A program training law enforcement officers in Ohio to recognize whether drivers are drug-impaired is drawing praise from prosecutors and others, while criminal defense attorneys say such assessments aren't scientifically accurate.
The Columbus Dispatch reports 71 law-enforcement officers statewide have completed training as certified drug-recognition experts since 2010. The program goes beyond sobriety tests to train officers to determine whether someone is impaired from drugs or a medical condition.
The head of Ohio's addictions agency plans to talk about new data showing state residents still dying from drug overdoses at record rates.
Orman Hall is director of the Ohio Department of Alcohol and Drug Addiction Services. He also will use a news conference Tuesday afternoon to push for addiction treatment and other health care services for all Ohioans.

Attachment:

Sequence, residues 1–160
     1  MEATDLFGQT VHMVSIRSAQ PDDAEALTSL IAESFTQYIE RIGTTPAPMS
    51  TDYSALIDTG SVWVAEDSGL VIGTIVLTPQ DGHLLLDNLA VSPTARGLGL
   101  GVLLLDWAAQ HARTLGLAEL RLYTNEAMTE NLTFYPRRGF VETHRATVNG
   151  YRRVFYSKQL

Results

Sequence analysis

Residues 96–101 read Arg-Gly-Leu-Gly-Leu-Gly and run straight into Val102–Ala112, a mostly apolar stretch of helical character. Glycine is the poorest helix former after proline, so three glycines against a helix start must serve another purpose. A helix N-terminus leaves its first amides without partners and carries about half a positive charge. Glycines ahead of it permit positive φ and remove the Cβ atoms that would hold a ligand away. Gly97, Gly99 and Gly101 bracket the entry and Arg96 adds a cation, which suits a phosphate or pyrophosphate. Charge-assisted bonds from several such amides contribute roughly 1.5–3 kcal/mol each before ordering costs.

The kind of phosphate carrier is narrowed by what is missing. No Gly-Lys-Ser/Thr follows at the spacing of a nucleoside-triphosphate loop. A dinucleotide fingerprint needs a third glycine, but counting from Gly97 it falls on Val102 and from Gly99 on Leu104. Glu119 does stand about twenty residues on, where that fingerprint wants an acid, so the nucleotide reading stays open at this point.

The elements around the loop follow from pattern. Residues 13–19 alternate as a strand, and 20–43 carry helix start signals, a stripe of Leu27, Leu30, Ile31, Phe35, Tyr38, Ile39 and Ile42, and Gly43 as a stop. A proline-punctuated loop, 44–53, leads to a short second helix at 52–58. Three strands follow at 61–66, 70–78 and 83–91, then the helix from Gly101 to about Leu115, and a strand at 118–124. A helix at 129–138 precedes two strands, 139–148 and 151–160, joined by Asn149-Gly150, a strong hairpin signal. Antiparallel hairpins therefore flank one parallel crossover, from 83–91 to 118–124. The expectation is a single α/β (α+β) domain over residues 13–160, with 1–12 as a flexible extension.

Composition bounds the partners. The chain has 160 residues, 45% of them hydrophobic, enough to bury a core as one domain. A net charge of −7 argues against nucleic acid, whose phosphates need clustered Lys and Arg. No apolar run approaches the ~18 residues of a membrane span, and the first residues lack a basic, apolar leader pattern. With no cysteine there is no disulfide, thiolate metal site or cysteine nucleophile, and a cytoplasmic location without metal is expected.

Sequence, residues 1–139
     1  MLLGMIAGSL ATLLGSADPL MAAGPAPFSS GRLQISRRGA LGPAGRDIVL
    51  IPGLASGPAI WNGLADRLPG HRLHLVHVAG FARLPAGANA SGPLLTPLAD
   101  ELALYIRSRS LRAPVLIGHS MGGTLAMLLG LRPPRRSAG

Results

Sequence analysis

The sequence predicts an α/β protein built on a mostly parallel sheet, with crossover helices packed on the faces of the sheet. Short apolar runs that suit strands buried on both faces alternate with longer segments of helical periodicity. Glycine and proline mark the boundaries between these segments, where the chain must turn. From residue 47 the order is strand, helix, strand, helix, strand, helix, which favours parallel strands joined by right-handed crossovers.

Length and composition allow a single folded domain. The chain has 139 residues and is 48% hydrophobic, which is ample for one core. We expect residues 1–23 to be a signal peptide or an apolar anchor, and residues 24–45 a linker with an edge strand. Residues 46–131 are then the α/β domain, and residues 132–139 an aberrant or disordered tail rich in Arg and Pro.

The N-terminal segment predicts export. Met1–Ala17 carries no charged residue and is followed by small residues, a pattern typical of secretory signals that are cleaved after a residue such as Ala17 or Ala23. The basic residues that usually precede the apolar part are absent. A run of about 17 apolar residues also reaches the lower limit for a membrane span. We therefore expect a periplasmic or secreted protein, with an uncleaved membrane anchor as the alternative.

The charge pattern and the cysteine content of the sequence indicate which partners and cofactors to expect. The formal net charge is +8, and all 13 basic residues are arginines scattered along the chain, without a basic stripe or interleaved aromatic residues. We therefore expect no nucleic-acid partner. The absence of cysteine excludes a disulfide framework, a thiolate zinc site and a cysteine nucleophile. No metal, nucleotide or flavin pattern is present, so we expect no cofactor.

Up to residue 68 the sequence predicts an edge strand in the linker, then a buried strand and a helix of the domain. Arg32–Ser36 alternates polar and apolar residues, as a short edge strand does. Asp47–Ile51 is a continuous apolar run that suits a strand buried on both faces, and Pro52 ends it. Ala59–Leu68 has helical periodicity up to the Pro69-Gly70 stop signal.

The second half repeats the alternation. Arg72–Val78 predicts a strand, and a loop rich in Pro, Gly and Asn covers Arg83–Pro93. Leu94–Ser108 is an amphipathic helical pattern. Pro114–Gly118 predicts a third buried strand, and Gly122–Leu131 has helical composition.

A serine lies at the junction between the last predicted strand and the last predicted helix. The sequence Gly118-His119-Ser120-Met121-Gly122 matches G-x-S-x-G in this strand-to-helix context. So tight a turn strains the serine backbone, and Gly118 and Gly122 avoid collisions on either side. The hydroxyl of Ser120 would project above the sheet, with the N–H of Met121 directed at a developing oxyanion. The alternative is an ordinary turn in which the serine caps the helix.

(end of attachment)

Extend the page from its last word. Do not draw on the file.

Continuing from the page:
Data released last week show the number of people who died of accidental overdoses jumped 14 percent in 2011 for a total of over 17 hundred overall deaths.
A decision by Ohio Governor John Kasich to change the way doctors can bill Medicaid for a painkiller addition treatment may make it easier to obtain in the long run. The administration says the change could ultimately affect far more patients than a $1 million pilot program for ex-offenders vetoed by the governor last month.
Under the new change taking effect in October, pharmacies can bill Medicaid directly for Vivitrol and have the drug delivered to a doctor's office without an upfront payment.